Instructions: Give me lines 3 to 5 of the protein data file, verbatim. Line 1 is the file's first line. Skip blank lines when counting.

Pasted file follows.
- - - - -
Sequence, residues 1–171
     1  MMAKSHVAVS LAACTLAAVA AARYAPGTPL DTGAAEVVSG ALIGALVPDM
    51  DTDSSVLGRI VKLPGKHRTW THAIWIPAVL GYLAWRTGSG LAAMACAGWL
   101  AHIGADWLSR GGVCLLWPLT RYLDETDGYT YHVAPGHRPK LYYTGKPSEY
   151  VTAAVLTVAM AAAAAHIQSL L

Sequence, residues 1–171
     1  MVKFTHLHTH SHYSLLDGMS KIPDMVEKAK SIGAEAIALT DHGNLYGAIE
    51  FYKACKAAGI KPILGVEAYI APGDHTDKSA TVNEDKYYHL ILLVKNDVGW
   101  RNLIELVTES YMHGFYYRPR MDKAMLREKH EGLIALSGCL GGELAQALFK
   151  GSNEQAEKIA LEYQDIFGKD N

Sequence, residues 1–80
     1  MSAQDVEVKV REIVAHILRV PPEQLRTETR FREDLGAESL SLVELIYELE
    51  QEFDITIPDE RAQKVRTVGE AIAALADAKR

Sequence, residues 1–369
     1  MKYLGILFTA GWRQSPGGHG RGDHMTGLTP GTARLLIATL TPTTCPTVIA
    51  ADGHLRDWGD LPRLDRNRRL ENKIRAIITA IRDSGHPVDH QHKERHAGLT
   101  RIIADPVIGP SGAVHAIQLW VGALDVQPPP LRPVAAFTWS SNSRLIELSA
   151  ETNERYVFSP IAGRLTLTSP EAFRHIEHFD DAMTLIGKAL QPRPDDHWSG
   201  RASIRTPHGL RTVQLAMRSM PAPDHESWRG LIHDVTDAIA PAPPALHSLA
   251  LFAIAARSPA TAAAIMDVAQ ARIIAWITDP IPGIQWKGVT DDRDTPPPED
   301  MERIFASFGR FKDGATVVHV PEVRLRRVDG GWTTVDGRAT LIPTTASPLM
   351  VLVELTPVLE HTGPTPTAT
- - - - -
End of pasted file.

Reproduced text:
    51  DTDSSVLGRI VKLPGKHRTW THAIWIPAVL GYLAWRTGSG LAAMACAGWL
   101  AHIGADWLSR GGVCLLWPLT RYLDETDGYT YHVAPGHRPK LYYTGKPSEY
   151  VTAAVLTVAM AAAAAHIQSL L